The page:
After a raceday with some great racing and tights finishes bathed in sunshine, we must also remember it was a day with a void race which on a circuit of 1 mile 1 furlong means some quick, decisive and difficult decisions must be taken to ensure the best possible safety and welfare of all participants, both equine and human. Yesterday’s incident was impeccably handled by our vets, the raceday stewards, jockeys, but also our own raceday team which is headed by Clerk of the Course Mark Cornford and our Trainee Clerk Marcus Waters.

With this week being #GroundsWeek2021, and seeing first hand how difficult raceday decisions can be yesterday, it seems good timing that Marcus features on the RCA’s GroundsWeek2021 Interview Questions today, which give you a bit of further insight into racecourse preparation.

#GroundsWeek2021 RCA Interview Questions

How many hours does it take to prepare the racecourse for a raceday?

It takes at least two days to repair the course from the previous meeting, this can be with up to 14 casual staff as well as 4 full time staff, we fork and fill the track with rootzone and seed mix. Then repairs on hurdles and fences which can take up to a day each to do. Moving of rail and hurdles for fresh ground can take 2 days with a full quota of full-time staff depending on how much needs to be moved. Watering when required could start at 7am, going through to 7pm if needed to maintain going. For our first fixture of the season watering can start a month before to get the water into the ground. Cutting of the course and collecting rings, when required, takes five hours to do.

Do you do anything differently ahead of major festivals?

More attention is given to lawns and flower beds for our Easter festival, but the priority is always to provide the best racing surface possible for every fixture we hold.

What are the unique challenges of maintaining Plumpton Racecourse?

Racing through the winter months on clay soil provides challenges, but with extensive drainage work carried out, the course has improved dramatically. Being a very narrow course we have little room to move onto fresh ground throughout the season, so planning rail and hurdle movements allows us to give as much fresh ground as possible for each fixture.

Aside from your own, which venues (sports or non-sports) do you look to for inspiration?

The grade 1 tracks are always good to look at. The likes of Cheltenham and Ascot show great skill to get their courses back looking their best, ready for the next day’s racing. Also, the results that some smaller venues achieve with smaller budgets and only a handful of dedicated groundstaff is very impressive.

How have you and the team had to adapt to maintain the racecourse grounds with Covid protocols?

We have had to work as smaller team than usual due to Covid regulations. More lone working, sticking to one job a day helps to not mix machinery use during a day and cleaning off all equipment and vehicles before and after use.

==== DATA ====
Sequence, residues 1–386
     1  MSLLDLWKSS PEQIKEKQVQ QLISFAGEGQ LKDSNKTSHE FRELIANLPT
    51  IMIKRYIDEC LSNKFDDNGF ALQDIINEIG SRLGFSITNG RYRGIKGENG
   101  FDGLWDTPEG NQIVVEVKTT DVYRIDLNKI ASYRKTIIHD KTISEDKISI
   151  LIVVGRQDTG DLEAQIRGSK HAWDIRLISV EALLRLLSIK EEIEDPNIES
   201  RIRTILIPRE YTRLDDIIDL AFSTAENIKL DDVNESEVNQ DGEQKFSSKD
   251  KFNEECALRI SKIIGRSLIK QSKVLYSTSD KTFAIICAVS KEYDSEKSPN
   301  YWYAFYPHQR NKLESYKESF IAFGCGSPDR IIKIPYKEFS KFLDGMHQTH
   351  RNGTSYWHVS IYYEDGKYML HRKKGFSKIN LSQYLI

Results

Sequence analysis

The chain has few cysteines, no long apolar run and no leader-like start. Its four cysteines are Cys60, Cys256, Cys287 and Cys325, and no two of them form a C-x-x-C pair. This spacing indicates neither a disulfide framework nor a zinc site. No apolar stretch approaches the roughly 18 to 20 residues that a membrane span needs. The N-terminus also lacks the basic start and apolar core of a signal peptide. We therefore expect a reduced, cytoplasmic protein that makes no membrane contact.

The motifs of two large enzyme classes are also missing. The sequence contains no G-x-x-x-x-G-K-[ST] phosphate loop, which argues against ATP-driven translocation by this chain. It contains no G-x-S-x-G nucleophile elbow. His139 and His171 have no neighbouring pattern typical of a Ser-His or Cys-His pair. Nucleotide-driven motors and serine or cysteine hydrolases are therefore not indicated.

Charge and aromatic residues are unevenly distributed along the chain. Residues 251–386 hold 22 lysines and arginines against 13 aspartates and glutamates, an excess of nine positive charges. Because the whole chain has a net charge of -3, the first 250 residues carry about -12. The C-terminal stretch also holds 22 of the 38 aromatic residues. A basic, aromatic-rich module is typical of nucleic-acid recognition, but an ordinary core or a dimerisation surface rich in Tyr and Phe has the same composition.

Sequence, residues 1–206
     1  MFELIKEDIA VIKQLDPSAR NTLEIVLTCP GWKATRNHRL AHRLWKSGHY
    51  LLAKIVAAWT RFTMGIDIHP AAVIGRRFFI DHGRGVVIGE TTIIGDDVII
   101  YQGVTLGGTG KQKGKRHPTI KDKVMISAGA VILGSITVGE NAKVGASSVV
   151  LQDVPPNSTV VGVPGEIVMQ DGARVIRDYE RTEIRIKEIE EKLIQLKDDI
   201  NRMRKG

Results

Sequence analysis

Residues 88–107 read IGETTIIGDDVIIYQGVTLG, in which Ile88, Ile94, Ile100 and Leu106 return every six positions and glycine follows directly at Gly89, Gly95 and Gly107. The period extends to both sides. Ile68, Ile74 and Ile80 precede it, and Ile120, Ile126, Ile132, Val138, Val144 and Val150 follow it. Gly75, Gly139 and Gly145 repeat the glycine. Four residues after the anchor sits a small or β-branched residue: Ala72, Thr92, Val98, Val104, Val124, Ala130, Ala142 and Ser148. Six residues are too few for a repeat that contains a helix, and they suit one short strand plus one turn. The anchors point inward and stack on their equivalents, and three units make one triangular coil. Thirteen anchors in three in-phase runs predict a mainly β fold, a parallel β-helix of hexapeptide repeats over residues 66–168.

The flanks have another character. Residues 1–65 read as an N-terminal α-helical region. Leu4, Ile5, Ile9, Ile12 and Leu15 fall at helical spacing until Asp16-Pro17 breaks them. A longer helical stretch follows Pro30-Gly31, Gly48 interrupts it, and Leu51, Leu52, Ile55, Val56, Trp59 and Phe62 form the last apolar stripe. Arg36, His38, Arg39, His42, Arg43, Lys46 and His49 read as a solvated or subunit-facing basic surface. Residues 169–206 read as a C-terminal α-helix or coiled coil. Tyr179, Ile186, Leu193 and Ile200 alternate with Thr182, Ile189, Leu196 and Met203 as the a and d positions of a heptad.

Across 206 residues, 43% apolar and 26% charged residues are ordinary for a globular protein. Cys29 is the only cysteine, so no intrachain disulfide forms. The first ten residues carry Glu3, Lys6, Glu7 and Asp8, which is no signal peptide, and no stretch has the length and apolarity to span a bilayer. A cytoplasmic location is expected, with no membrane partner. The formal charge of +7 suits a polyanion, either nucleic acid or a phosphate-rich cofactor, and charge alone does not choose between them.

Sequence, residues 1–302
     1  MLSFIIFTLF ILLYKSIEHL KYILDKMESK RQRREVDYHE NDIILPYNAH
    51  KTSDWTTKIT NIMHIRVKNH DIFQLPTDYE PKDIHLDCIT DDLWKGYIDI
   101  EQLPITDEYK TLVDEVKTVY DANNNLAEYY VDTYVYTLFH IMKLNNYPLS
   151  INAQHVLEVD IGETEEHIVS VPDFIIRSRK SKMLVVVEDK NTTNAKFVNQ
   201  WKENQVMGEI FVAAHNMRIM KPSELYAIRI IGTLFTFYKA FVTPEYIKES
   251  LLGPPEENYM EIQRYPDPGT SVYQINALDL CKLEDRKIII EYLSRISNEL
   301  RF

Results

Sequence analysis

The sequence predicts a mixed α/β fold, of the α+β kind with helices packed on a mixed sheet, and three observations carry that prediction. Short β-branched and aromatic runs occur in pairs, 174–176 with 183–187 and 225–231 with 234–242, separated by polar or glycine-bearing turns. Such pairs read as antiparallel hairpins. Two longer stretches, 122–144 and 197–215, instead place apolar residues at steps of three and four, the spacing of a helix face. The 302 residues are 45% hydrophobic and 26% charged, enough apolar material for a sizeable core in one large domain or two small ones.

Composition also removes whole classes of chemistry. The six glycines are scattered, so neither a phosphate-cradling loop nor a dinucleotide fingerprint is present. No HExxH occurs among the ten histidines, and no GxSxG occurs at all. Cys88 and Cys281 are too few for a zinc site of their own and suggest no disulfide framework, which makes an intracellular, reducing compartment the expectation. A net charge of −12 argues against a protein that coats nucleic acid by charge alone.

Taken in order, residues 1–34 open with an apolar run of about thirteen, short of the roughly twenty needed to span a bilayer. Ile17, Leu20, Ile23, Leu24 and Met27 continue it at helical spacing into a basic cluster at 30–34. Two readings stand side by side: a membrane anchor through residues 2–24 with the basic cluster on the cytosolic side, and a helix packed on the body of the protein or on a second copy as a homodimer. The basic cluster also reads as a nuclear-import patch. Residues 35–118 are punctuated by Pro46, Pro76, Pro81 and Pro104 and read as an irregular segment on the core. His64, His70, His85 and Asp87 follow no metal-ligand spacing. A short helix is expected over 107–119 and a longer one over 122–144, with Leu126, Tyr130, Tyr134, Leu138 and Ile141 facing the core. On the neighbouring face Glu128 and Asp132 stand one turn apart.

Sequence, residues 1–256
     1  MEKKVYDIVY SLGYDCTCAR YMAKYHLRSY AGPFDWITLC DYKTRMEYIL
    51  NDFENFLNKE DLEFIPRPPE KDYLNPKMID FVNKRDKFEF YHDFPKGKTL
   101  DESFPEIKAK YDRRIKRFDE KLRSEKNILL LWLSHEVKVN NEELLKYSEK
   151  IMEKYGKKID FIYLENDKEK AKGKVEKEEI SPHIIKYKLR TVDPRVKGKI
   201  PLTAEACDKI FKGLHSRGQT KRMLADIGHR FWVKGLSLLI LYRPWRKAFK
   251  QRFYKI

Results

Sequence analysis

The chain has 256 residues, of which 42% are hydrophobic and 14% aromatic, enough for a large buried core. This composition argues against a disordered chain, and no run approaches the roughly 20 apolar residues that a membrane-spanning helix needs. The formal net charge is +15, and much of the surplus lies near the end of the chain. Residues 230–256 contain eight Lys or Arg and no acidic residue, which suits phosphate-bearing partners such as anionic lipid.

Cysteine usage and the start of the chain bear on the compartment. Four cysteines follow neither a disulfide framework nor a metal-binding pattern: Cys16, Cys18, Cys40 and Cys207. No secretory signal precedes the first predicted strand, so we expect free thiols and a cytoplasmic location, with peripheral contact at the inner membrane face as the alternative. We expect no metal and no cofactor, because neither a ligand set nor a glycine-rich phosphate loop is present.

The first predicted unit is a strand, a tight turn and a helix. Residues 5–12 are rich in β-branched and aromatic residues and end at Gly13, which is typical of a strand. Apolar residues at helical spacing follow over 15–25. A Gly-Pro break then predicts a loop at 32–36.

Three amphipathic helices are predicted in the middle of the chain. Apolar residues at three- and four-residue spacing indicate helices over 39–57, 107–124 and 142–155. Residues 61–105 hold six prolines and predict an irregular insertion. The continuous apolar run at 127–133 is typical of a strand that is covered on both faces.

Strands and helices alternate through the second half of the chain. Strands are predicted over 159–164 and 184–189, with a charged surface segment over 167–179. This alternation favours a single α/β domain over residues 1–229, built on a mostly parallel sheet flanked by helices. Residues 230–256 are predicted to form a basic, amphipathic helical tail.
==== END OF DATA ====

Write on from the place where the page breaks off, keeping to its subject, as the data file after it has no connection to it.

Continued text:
Have you and the team used your skills to support the local community in response to the Covid pandemic?

Any leftover food from race day has gone to homeless shelters.

Has being part of a team and working outdoors had a positive impact on your morale over the past 12 months?

Being able to get out into the fresh air has been a real positive and provided the team with a structure when everything else has been very strange. Also having the responsibility of setting up the site for racing behind closed doors and keeping the track in the best condition has been great. It’s been very satisfying to be a part of keeping racing going through these hard times and providing the public with a small form of escapism from what is going on in the world.

What has been the most rewarding moment in the last 12 months?

For myself, it was being appointed as Head Groundsman/Trainee Clerk of the Course at Plumpton racecourse, a real dream job. Whilst the timing of starting was not ideal, (a week before the first lockdown) it has been brilliant to get stuck into my new role. Although it’s different due to the current circumstances, I am looking forward to maintaining the surface to its best condition and hopefully we will have crowds back in the not too distant future. As a team it would be racing on the 25th January, we had a frost in the morning which came out the ground slower than expected. Last minute rail adjustments were needed as well as getting a slitter on the course to help bring the frost out of the ground. Getting the meeting on was a real buzz and a great effort from all involved.

What is the best part of being groundstaff?

Getting to work outside in beautiful scenery, especially in nice weather. Satisfaction in a job well done, especially the chase fences, as they are a real art. Also being a vital part of getting the sport of racing on and seeing top quality horses running on the track.

What advice would you give to anyone starting out in the industry?

Take pride in what you do. All jobs matter, even the smaller less glamorous ones. Talk to as many grounds people as possible, there are a lot of very knowledgeable people out there across all sports. Training, the more you can learn and skills you acquire the better.